LA Times Op-ed

A hastily imposed plan for democracy has little chance to succeed in Iraq

America’s colonial efforts in Iraq are peculiarly un-American in both their spirit and implementation. But the most disturbing aspect of American policy in Iraq may be the new plan to hurriedly turn over sovereignty to a democratically elected Iraqi government.

It is the height of hubris to think that self-appointed American occupiers, who rode into Iraq on the backs of tanks, can now simply order Iraqis to become free and democratic — and on a timetable that was designed more to address White House domestic political concerns than to respond to realities on the ground in Iraq.

The non-withdrawal withdrawal

There is widespread agreement that some reduced contingent of U.S. troops will be needed to maintain peace in the country long after sovereignty is returned to the Iraqis

So a “withdrawal” cynically timed for the Presidential elections won’t be a withdrawal at all. If an occupying army remains in Iraq, then Iraq is not really sovereign – and our troops will continue  to be targets.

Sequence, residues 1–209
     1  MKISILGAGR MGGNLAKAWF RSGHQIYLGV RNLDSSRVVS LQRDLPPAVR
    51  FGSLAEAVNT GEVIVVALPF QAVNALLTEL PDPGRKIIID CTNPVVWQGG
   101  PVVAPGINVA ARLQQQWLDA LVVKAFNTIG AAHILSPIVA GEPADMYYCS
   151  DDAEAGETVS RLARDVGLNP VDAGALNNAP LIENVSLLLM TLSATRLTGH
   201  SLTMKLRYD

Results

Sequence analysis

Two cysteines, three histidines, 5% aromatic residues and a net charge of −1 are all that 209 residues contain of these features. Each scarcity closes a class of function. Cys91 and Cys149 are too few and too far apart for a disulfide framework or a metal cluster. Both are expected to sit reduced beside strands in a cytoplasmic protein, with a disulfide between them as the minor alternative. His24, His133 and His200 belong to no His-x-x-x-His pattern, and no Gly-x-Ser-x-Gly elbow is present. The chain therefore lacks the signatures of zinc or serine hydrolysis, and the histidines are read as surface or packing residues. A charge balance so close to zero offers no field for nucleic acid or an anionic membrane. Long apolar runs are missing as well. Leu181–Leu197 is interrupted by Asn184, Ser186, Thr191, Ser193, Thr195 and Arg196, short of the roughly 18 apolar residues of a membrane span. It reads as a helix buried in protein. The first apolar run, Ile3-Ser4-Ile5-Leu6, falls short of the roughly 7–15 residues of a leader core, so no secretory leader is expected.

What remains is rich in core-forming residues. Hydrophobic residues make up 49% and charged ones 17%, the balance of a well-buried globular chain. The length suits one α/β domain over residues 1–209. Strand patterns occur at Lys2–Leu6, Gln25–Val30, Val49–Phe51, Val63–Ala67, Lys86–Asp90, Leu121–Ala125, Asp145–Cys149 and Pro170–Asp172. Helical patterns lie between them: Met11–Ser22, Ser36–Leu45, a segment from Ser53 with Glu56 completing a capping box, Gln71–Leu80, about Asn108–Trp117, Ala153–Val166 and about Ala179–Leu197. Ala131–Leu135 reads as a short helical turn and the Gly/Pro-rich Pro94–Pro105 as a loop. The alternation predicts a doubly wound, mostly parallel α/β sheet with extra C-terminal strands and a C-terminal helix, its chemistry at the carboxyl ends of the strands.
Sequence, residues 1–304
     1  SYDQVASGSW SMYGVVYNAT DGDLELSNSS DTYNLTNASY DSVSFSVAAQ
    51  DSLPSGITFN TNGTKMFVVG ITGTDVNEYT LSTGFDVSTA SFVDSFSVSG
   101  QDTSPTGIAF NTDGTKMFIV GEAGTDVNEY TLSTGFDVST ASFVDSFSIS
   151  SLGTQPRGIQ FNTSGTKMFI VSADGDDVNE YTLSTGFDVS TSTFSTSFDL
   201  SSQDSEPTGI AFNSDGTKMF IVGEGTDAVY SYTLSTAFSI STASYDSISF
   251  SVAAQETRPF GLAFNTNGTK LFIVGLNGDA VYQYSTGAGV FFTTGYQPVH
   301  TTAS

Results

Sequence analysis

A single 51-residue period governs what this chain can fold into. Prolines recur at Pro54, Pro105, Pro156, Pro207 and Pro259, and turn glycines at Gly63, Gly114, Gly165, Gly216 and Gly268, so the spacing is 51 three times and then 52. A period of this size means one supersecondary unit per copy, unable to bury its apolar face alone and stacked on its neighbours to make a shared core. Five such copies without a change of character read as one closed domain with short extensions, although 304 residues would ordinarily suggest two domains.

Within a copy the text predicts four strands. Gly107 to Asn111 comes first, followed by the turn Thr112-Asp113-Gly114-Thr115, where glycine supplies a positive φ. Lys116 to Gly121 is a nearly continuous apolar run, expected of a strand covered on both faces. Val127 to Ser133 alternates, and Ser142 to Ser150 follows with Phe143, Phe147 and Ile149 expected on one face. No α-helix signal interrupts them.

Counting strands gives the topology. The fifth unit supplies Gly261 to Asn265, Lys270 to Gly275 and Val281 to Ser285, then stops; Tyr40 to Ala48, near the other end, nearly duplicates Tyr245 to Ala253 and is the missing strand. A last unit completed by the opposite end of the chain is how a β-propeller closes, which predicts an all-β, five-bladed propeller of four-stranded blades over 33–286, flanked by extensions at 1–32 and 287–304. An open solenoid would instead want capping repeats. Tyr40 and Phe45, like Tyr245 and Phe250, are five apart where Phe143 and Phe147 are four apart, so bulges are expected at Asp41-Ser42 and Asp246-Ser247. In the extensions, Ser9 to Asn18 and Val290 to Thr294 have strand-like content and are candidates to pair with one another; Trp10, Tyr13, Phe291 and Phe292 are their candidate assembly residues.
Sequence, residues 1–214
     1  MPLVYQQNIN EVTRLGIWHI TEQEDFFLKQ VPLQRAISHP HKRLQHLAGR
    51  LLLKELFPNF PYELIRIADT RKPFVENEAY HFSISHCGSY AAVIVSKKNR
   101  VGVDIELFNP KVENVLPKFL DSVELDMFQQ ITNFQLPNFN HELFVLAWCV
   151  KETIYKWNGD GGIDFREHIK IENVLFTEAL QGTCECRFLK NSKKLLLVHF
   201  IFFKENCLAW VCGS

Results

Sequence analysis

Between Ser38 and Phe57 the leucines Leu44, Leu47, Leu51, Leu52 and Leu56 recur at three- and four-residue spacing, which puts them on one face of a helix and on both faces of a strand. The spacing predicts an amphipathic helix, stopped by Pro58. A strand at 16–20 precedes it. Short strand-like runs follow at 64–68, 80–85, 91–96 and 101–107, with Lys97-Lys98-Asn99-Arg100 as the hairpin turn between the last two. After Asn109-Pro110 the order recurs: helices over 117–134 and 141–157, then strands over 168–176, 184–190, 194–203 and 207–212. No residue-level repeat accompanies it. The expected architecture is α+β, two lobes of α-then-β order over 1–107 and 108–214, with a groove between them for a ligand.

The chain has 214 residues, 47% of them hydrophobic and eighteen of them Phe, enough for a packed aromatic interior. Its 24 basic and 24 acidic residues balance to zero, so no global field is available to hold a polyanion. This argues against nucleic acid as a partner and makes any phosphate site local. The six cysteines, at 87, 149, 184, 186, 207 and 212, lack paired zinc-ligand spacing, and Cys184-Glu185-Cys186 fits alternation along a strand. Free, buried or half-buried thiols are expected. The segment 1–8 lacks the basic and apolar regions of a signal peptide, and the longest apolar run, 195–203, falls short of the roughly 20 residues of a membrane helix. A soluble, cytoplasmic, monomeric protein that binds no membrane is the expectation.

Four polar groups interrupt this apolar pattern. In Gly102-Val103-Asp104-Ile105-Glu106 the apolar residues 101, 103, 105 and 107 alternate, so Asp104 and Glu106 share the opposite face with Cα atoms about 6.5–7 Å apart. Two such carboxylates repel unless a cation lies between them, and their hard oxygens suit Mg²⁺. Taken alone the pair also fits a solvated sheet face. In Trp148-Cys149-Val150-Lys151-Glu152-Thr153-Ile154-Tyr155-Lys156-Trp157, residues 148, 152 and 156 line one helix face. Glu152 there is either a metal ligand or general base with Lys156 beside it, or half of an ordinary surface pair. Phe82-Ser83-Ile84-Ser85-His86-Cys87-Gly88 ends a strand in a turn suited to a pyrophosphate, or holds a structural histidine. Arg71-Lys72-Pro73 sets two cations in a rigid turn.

I doubt Saddam’s capture will make much difference in the level of attacks launched by the insurgents. Someone hiding under a house, looking disheveled and covered with lice, couldn’t have been leading an insurgency. And indeed, a car bomb exploded near Baghdad after his capture killing at least 17.

The resistance is a loose network, not a rigidly controlled hierarchy. In fact, they may increase the attacks to show they are still active.
A reporter on KPFK just pointed out a war crimes trial of Saddam could be embarrassing for the US, as some of the harshest rule of the Baath Party happened in the 80’s – when the US actively supported Saddam.

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